METHODS Bacterial strains and growth conditions. The 13 reference

strains of A. pleuropneumoniae used were donated by E. M. Kamp (Department of Bacteriology, ID-DLO, The Netherlands) (serotypes in parentheses): S4074 (1a), 1536 (2), 1421 (3), M62 (4), K17 (5a), L20 (5b), Fem Ø (6), WF 53 (7), 405 (8), CVI 13261 (9), D 13039 (10), 56153 (11) and 6329 (12). A. pleuropneumoniae strains Fe/710 (serotype 6) and 56153 (11), donated by M. Gottschalk (Universite´ de Montre´al, Quebec, Canada), were also used. All A. pleuropneumoniae strains were grown in brain heart infusion broth (BHI, Difco) with 10 mg NAD ml21 (Sigma) at 37 uC under shaking conditions (150 r.p.m.). Escherichia coli HB101 was grown in Luria–Bertani (LB) medium. Collagen extraction. Pig-lung collagens were obtained by a method based on those described for other tissues (Duance, 1990; Konomi et al., 1984; Serrano et al., 1994). Reagents were from Sigma, the procedure was carried out at 4 uC, and centrifugations were done for 1 h at 10 000 g. The lung was chilled, washed with distilled water, and minced with 4 mg sodium azide l21. Tissue was digested with 0?25 M acetic acid containing 500 mg pepsin l21 for 76 h on a stirrer, and centrifuged. The supernatant was neutralized to pH 7?0 with 1 M NaOH, and the final volume determined; it was adjusted to 0?7 M NaCl, stirred overnight, and centrifuged. Supernatant (collagens IV and V) was decanted and recovered, and the pellet (collagens I and III) was dissolved in 0?25 M acetic acid, neutralized, adjusted to 1?7 M NaCl and stirred overnight. The mixture was centrifuged; the pellet (collagen III) was recovered, and the supernatant adjusted to 2?5 M NaCl, stirred overnight, and centrifuged. The pellet (collagen I) was recovered and the supernatant (collagens IV and V) adjusted to 1?2 M NaCl, stirred overnight and centrifuged; the resulting pellet was diluted in 0?5 M acetic acid and dialysed against 0?01 M Tris/HCl pH 8?5, 0?02 M NaCl, and 2 M urea. After this, protein mixture was centrifuged. The supernatant contained collagen IV and the pellet collagen V.

The swine-lung collagens obtained (types I, III, IV and V) were compared with purified human-placenta collagen type I (Serrano et al., 1994), type I from Sigma and type IV (donated by Dr Mun˜oz, Cinvestav-IPN, Mexico), in 7?5 % (w/v) polyacrylamyde SDS-PAGE (Laemmli, 1970) stained with Coomassie blue or silver (Harper et al., 1995). Collagens were also checked by using antibodies; for this, the collagens were dropped onto a nitrocellulose membrane (Sigma), blocked for 2 h at 25 uC in 5 % (w/v) skimmed milk (Difco) with PBST [PBS+0?05 % (v/v) Tween 20], washed, and incubated for 2 h with mAbs against human-placenta collagen I, III or V, polyclonal Ab against human collagen IV (all diluted 1 : 500; ICN); also mAb against human fibronectin (donated by Dr Talama´s, Cinvestav-IPN, Mexico), and mAb against human laminin (Sigma) (both diluted 1 : 5000). The 2392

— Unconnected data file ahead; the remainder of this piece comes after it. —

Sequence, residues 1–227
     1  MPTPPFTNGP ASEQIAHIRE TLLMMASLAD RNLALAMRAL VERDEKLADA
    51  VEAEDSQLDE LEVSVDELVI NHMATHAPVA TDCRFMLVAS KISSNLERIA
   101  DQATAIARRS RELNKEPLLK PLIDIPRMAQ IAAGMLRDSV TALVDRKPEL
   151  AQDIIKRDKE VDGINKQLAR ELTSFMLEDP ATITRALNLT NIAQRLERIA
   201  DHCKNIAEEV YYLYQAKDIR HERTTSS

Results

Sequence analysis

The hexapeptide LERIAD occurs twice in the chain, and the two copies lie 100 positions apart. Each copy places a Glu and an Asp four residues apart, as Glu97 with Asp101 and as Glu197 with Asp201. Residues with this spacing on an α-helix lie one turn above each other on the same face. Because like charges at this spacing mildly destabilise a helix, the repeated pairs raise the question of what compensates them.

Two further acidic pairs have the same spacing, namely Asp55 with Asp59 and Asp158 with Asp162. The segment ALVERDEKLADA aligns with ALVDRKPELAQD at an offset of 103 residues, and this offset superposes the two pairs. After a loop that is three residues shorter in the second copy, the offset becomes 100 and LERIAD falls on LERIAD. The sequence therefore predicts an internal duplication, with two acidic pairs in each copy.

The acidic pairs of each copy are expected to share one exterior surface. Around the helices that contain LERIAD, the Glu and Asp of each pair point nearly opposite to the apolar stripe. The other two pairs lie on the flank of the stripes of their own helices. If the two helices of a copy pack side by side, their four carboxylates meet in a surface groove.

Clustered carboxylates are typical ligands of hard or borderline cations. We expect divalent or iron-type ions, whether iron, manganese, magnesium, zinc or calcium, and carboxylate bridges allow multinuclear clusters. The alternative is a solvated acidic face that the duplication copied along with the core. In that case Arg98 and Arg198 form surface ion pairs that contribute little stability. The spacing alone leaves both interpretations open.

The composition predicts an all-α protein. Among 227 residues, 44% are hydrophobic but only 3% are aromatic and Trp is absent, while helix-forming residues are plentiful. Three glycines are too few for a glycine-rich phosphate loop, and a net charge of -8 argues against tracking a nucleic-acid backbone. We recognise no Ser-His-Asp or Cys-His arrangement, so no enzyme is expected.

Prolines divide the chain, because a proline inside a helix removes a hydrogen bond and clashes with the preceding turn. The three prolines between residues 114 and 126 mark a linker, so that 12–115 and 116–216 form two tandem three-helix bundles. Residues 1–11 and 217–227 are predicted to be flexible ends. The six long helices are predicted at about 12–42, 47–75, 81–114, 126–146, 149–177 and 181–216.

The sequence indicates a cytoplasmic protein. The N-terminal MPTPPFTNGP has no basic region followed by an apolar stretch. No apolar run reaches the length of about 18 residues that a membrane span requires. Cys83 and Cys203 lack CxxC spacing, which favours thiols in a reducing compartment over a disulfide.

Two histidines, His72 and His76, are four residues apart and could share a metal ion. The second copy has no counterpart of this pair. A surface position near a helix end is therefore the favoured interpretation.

membrane was then washed and incubated for 1 h with the secondary Ab (peroxidase-conjugated goat anti-mouse or anti-rabbit IgG) (Zymed). Reaction was revealed with 3,39-diaminobenzidine. Collagen-binding assay. Bacteria grown to exponential phase

were harvested by centrifugation (10 min, 10 000 g), washed, and suspended in 10 mM HEPES pH 7?4 at an OD590 of 1. Pig-lung collagen was used at a concentration of 1 mg ml21 in 0?25 M acetic acid, and neutralized (1 M Tris, pH 7?4). Collagen (100 ml) was immobilized as films on flat-bottomed microtitre plate wells (NuncImmuno) and sterilized overnight with UV light (Serrano et al., 1994). Films were blocked with BSA (1 %, 1 h) and washed with 10 mM HEPES pH 7?4; then 100 ml bacterial suspension was added to each well, and incubated at 37 uC. Non-adherent bacteria were removed by three washes, and those adhered to films were stained with methylene blue (0?4 %, 15 min), rinsed and dried. Finally, 200 ml 95 % ethanol was added to each well. Plates were read at 595 nm in a Micro-Plate Reader model 450 (Bio-Rad). Collagen, BSA, collagen plus BSA, or bacteria alone were used as negative controls; they were placed onto wells, incubated, washed, and stained like the samples. Adhesion to type III collagen was determined in A. pleuropneumoniae serotype 1 incubated for different times (5–120 min and 24 h) and at various concentrations of collagen (0?05–200 mg ml21), and for 90 min with 100 mg collagen ml21 for the other serotypes and E. coli. All experiments on adherence to collagens were done at least in triplicate. Effect of putative inhibitors on the A. pleuropneumoniae serotype 1 adherence to pig-lung collagen III. The compounds

and concentrations used for these determinations are in Table 1. The effect of the following treatments was evaluated: proteins, proteolytic enzymes, carbohydrates (100 mM of glucose, galactose, mannose, N-acetylglucosamine and N-acetylgalactosamine), metaperiodate, CaCl2, MgCl2, chelating agents and antibodies [pig preimmune serum, and pig convalescent-phase serum (PCPS) from a farm animal affected by pleuropneumonia]. Serum without IgG was also tested in collagen-adherence inhibition by PCPS. Adherence inhibition was determined by preincubating bacteria with each compound at 37 uC for 1 h. Also, bacteria were strongly vortex-mixed for 1 min, grown at 18 uC for 18 h, or treated at 56 uC for 1 h, before assaying adhesion. Extraction of OMPs and detection of collagen adhesin.